The last thing we will cover is how to blank screens for students. Clicking on the Blank Screen button in the top menu bar will blank the students screens and display the default message, which looks like this.

You can also configure your own message by clicking on the arrow next to the Blank Screen button and choosing Configure Blank Screen Message.

The message that is set for the Blank Screen will be displayed at the top of this menu as well.

Once you click on Configure, you will have a menu that looks like this.

There are several options you can customize here, but the most important one is in the middle, where you can change the text or image when blanking screens. You can set several blank screen messages if you like, but the last one used will be the default under the Blank Screen menu, just like the Block and Allow lists.

I hope this helped you get to know the advanced features of the new LanSchool application. If you have any questions or comments, please feel free to leave them in the comments section.

Friday, November 1, 2019

Google Snacks Volume 5 - LanSchool Basics

What is this LanSchool app we have been talking about? LanSchool (LS) is an alternative to GoGuardian (GG). Unfortunately, GG is missing a key feature of being able to see the entire desktop. This is an issue when students are using apps or Parallels. LS has almost all the same features as GG as well.

LS was deployed out to all staff at the end of October 2019. The icon should be on the right side of your task bar and looks like a circle of dots.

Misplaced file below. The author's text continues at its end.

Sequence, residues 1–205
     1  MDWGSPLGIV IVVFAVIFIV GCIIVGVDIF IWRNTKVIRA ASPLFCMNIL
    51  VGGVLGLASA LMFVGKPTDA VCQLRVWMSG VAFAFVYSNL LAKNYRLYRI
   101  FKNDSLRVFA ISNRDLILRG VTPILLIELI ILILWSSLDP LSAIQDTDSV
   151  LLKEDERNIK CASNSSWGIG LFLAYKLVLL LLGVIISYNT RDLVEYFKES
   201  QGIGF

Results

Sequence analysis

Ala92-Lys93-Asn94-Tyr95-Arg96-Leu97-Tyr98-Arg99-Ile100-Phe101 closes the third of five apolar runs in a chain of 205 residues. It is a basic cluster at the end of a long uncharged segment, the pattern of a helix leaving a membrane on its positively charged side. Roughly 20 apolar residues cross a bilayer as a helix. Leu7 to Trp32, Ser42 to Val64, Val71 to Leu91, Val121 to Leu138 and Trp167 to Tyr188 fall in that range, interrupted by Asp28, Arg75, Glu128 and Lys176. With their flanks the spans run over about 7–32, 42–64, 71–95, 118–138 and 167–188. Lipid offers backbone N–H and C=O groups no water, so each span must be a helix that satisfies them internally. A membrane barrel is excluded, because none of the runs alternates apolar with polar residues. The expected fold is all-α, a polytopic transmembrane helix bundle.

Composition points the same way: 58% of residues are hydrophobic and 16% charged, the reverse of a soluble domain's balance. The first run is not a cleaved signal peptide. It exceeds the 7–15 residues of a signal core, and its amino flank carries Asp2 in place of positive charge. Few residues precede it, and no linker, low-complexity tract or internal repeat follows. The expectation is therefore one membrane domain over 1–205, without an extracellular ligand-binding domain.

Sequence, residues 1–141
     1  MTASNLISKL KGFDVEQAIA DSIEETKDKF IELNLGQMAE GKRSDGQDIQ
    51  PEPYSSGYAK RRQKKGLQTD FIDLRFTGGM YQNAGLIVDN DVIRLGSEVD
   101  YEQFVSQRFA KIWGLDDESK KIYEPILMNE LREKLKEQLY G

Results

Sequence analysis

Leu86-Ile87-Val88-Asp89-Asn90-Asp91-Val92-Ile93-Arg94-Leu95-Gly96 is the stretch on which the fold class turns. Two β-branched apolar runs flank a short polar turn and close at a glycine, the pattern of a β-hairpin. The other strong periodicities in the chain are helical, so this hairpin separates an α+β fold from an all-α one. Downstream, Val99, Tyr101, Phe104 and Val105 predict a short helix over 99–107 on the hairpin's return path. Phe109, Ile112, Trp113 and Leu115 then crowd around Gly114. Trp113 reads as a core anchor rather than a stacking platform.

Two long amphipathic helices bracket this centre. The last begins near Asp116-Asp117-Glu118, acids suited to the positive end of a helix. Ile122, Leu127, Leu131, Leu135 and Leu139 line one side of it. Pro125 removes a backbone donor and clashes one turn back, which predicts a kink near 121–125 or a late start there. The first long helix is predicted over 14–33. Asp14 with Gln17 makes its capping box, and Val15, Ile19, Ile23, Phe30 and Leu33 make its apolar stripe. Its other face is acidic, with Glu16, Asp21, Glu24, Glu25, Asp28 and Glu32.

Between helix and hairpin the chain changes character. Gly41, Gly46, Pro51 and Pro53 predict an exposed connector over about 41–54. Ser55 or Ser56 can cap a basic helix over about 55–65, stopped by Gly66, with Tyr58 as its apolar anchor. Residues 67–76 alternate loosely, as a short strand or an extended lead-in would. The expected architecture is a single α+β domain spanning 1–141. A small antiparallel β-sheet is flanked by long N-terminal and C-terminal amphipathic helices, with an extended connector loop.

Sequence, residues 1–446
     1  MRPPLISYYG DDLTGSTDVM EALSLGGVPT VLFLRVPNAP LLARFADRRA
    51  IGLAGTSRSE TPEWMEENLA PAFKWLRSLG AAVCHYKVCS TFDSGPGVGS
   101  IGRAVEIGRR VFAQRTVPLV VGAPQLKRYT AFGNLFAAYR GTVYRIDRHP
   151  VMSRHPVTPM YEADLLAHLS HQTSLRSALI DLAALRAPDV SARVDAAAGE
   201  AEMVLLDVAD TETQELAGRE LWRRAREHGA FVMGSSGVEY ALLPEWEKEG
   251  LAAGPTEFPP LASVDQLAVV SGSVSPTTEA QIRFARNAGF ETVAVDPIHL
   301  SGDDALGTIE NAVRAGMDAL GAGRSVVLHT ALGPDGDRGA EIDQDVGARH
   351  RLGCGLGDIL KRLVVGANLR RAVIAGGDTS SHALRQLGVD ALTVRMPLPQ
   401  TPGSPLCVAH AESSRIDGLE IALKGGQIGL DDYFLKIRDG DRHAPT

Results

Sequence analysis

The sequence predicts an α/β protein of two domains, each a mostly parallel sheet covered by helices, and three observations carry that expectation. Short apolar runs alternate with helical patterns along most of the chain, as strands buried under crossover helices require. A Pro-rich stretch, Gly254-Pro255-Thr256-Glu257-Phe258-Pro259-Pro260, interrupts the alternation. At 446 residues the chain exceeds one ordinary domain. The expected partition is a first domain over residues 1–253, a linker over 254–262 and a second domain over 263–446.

If the LS icon is not in your task bar, open your Start menu (Windows icon in the left side of the task bar), and open LanSchool Teacher. It will be located under the L's in alphabetical order, or you can search for it.

If it is not listed in your Start menu, please come down to the Tech Office for us to take a look.

When you open up LS for the first time, it should like similar to this.

The first thing you should do when you get into LS for the first time is click on Administer, in the top row menu.

Then click Preferences, at the bottom of the list.

You will now see a menu that looks like this.

You will need to change your channel number here. Your channel number is basically your class. The number should be your building and room number, but it must be all numerical. So, if your room number is A210, then your class channel would be 1210. If you are a teacher or specialist that does not have a homeroom, we can help you with your room number.

The last thing we will go over in this training is how to view students full screen. When you have students in your class, it will look something like this.

The images in the screen shots are blurred by me, for protection, but your student images should be clear. To view a student full screen, click on the little arrow next to Control, then click View. You cannot Remote Control Chromebooks at this time.

The screen shot above also shows what a selected student looks like (1) verses a student who is not selected (2). The red box means they are selected to be viewed full screen.

In the LanSchool Advanced training, we will go over pulling students into your class, restricting web access, and a couple other options.

I hope this helped you get to know the basics of the new LanSchool application. If you have any questions or comments, please feel free to leave them in the comments section.